Pacific NorthWest LNG signaled Monday that its deferred liquefied natural gas (LNG) terminal proposal is still alive by signing a tax agreement for its site on the northern coast of British Columbia (BC).
The project announced a commitment to pay about C$150 million (US$129 million) over 25 years for property taxes and infrastructure such as roads and municipal utility services to the District of Port Edward, near Prince Rupert.
Pacific NorthWest President Michael Culbert said the export terminal “intends on being a long-term positive contributor to the District of Port Edward, and this agreement in principle serves as the blueprint for a multi-decade cooperative relationship.”
A minister of community affairs in BC’s Liberal provincial cabinet, Coralee Oakes, told a signing ceremony that enabling legislation will be enacted early in the new year to provide formal support for the agreement.
Political fanfare for all steps toward building terminal projects has become a BC trademark over the past two years. The Liberals won re-election in 2013 on a campaign platform that pledged to whip up waves of industrial activity, job creation and provincial revenues by encouraging LNG development. Premier Christy Clark continues to predict that as many as three export terminals will be operating by 2020.
The Port Edward agreement, however, provides that the promised local government revenues forecast to start at C$3.25 million (US$2.79 million) per year then escalate over time will only flow if and when Pacific NorthWest builds its project. A final lease agreement has also not yet been signed for the site.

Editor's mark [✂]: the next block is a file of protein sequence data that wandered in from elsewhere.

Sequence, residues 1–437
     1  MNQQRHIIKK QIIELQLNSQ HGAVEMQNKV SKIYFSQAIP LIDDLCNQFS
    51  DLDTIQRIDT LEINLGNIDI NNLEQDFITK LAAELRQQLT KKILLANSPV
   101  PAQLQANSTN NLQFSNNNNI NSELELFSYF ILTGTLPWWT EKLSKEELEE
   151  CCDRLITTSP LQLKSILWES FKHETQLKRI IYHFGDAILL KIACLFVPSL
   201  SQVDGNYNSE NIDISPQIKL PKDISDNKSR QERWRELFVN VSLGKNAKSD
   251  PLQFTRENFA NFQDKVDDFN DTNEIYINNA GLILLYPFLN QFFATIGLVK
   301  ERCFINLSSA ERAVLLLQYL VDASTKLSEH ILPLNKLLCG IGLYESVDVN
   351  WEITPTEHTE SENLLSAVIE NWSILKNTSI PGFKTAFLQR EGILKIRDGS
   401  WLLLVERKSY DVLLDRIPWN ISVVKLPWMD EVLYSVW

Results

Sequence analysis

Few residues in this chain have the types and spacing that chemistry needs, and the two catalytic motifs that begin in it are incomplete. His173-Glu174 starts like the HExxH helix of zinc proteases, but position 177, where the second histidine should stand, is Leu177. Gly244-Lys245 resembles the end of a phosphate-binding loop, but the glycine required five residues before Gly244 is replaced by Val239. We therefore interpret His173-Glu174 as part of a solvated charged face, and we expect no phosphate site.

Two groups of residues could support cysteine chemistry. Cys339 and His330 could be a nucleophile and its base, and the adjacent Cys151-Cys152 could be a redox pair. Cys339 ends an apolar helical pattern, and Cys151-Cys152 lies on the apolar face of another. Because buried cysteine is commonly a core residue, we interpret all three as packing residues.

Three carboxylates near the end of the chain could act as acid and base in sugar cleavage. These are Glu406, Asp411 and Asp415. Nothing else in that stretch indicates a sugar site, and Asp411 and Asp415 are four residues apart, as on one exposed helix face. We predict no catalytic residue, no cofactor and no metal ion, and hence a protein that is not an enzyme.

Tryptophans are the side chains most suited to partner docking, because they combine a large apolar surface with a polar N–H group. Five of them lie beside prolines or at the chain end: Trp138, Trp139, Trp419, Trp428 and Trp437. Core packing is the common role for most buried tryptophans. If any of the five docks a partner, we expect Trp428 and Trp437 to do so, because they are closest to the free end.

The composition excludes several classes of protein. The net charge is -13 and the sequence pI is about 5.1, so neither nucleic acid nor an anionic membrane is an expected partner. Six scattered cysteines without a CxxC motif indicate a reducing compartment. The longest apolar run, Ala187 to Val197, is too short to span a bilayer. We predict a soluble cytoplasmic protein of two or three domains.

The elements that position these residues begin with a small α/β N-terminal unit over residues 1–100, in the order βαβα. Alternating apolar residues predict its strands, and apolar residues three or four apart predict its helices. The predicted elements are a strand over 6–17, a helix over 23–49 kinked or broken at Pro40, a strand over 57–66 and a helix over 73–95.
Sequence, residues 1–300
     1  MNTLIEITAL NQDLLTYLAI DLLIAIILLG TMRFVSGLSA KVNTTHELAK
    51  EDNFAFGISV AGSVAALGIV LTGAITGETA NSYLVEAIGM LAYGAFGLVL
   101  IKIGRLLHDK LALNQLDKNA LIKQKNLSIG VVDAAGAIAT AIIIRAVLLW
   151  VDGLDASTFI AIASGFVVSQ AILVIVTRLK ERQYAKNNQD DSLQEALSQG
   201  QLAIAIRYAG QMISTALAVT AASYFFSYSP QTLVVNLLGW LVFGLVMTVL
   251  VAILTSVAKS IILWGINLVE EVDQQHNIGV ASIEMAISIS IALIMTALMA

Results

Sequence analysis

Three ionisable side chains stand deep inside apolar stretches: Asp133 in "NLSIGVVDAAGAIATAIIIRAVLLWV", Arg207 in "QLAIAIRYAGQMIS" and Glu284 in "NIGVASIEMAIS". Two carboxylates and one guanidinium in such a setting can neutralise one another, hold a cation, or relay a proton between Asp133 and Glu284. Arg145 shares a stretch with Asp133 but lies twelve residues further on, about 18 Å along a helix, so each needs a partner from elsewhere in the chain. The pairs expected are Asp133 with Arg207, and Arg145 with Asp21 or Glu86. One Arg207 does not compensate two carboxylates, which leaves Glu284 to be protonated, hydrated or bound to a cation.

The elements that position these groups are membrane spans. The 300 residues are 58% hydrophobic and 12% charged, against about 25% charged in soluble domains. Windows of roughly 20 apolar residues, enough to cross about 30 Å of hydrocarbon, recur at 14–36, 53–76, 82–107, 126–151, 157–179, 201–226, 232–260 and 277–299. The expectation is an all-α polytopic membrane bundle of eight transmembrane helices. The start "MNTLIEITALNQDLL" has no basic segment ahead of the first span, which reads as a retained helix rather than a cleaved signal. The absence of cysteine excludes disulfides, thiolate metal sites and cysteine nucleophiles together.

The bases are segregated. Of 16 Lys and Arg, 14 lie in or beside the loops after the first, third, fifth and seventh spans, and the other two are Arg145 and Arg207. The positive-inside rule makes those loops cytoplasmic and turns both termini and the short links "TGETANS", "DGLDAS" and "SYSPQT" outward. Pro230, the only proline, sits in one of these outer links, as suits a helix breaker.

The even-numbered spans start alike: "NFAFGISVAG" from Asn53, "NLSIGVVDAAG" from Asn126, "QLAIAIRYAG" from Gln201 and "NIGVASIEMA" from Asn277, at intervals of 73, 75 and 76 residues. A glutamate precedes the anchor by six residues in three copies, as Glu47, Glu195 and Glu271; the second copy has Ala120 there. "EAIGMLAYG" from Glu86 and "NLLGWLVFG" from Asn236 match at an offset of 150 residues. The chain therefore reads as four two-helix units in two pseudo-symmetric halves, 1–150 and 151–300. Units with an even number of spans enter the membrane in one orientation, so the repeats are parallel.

The terminal sponsors — led by Malaysian state-owned oil and gas conglomerate Petronas and its wholly-owned Canadian subsidiary Progress Energy — on Dec. 3 announced deferral, until further notice, of a final commitment to proceed with construction. The decision was scheduled for this month. No new target date was set. Pacific NorthWest is the most advanced of 18 BC coast LNG projects.
Petronas president Tan Sri Shamsul Azhar Abbas described Pacific NorthWest as severely challenged by market conditions, including deteriorating oil prices that determine LNG’s value in Asia but especially competition from lower-cost export terminal projects in the United States.
Canadian Pacific coast projects are much more expensive because they start from scratch in remote locations. The price tag for the Pacific NorthWest terminal alone is C$11.6 billion (US$9.97 billion). Petronas calculates the total investment needed to carry out the scheme, including pipelines across BC and northern shale gas supply development, as C$36 billion (US$30.95 billion).
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